About This Tutorial
This tutorial is extracted from Squirell repository file squirrel-prover/examples/tutorial.sp
If you have installed Squirrel along with Proof General (cf. readme), you can also open this file with emacs and all code blocks provided bellow will be executable.
Messages exchanged by a protocol are modelled using terms.
Concretely, a message is either
- a name
nused to model a random sampling;
- the application of a function
In Squirrel, a function symbol without any assumption can be defined with:
abstract ok : message abstract ko : message abstract f1 : message -> message abstract f2 : message -> message -> message.
ko are constants, and
f1 is a function that expects a message, and then return a message.
f2 is then a function symbol of arity two, and function symbols of any arity can be defined this way.
n allows to model secret keys, or some random challenge. As we wish to be able to refer to an unbounded number of session, we allow names to be indexed, each value of the index yielding a fresh independent random. We denote by
n[i] an indexed name, with variable
i as an index. Names can be indexed by any number of indices.
In the tool, one can declare names and indexed names with the following.
name n : message name n1 : index -> message name n2 : index -> index -> message.
To model a setting where multiple people each have their own secret key, one could declare an indexed name as follows.
name key : index -> message.
Symbol functions can be defined as being an encryption, or a hash function, or a signature, or… The tool will then assume that such functions satisfy some classical cryptographic assumptions.
The possible sorts and corresponding assumptions are:
- encryption, CCA1 & INT-CTXT, symmetric and asymmetric
- signatures, EUF-CMA
- hash functions, PRF, and thus EUF-CMA, CR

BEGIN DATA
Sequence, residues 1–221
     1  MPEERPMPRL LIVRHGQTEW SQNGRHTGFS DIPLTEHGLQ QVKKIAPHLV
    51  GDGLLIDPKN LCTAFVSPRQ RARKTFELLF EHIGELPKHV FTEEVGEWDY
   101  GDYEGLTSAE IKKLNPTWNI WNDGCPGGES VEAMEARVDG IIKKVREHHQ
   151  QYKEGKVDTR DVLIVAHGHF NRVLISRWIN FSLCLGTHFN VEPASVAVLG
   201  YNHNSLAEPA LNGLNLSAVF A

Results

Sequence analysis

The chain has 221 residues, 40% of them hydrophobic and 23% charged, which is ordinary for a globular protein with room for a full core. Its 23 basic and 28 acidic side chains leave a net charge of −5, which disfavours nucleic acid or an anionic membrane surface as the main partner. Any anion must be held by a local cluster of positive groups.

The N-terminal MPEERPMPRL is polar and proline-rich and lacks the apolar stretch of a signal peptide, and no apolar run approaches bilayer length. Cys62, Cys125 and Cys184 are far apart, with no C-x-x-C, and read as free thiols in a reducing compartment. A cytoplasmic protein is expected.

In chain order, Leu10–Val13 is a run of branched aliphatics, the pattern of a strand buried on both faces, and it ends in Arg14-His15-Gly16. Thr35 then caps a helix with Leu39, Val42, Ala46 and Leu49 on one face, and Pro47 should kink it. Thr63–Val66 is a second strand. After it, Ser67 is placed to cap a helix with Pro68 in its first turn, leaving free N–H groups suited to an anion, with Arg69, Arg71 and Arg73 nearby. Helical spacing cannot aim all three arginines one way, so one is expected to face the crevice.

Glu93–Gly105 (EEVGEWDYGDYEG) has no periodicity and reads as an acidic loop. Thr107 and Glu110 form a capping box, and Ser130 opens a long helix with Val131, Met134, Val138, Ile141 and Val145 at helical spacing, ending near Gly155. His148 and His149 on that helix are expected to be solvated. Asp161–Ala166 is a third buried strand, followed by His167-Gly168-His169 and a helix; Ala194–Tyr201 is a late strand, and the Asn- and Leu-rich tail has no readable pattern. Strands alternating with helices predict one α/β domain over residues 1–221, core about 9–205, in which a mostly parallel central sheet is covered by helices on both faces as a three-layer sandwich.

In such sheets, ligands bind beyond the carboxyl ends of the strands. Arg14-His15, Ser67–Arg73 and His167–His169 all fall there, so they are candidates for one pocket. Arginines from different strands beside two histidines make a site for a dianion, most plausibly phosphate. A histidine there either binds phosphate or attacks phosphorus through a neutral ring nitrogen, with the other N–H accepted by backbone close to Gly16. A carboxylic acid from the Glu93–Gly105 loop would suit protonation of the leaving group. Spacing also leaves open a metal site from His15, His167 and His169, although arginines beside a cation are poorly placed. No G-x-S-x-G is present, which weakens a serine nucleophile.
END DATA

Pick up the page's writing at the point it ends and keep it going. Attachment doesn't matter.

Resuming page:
Each are declared in the following way.
signature sign,checksign,pk hash h senc enc,dec aenc asenc,asdec,aspk.
Protocols are described inside a pi-calculus. It is based on the following constructs:
new nid used to instantiate a fresh name;
out(c,m)is used to send the term
mover the channel
in(c,x)is used to receive some value from channel
c, bound to the variable
act; Pcorrespond to the sequential composition of action
P; … TODO
As an example, we use a small RFID based protocol, with a tag and a reader, called the basic hash protocol:
- Mayla Brusò, Kostas Chatzikokolakis, and Jerry den Hartog. Formal Verification of Privacy for RFID Systems. pages 75–88, July 2010.
T --> R : <nT, h(nT,kT)> R --> T : ok
We first declare the channels used by the protocol. Remark that channels are mostly byproducts of the theory, and do not play a big role.
channel cT channel cR.
We then define a first process of a protocol, which may correspond to multiple identies, and thus depend on some index variable
process tag(i:index) = new nT; out(cT, <nT, h(nT,key(i))>). T :
We can then declare the reader.
process reader(j:index) = in(cT,x); in try find i such that snd(x) = h(fst(x),key(i)) out(cR,ok) R : else out(cR,ko).
And we finally declare the final system. We instantiate multiple copies of the reader, and for each value
i, we also instantiate multilpe copies of
tag(i) with the replicaiton over
system ((!_j reader(j)) | (!_i !_k tag(i))).
A system declared this way is given the name
default. Other systems can be defined and given an epxlicit name. For instance, the following declare the system
simple, where each tag can only be executed once for each identity.
system [simple] ((!_j reader(j)) | (!_i tag(i))).
We express reachabilities formulas inside a first-order logic. In this logic, terms can be of type
timestamp. The logic proves that formulas are true for all possible traces of the protocol, and for all possible values of the variable given this trace/
For instance, a timestamp variable
t allows to talk about a given point inside a trace.
t will intuitively have to take the value of some concrete action, e.g.,
R(j) in our example.
To discuss about the value of the output performed at some timestamp, we use macros:
input@tis the value given as input by the attacker to the action at t;
output@tis the output performed by action at t;
cond@tis the executability condition at t;
frame@tis the sequence of all previous outputs up to t;
exec@tis the conjonction of all executability conditions up to t.
It is then possible to write formulas that capture properties satisfied by all executions of the protocol. For instance, the following formula describes that the executability execution of the reader in fact implies some authentication property, in the sense that there must exists an action T(i,k) that was executed before the reader, and such the input of the reader corresonds to the name of T(i,k).
goal wa : forall (i:index, j:index), happens(R(j,i)) => cond@R(j,i) =>exists (k:index), T(i,k) <= R(j,i) && fst(input@R(j,i)) = nT(i,k).
We write bellow the simple proof of this statement. Once inside a proof context, delimited by
Qed., it is possible to get the list of available tactics by typing
help., and details about any tactic with
Proof. help. help simpl. simpl. expand cond@R(j,i). euf H. exists k. by Qed.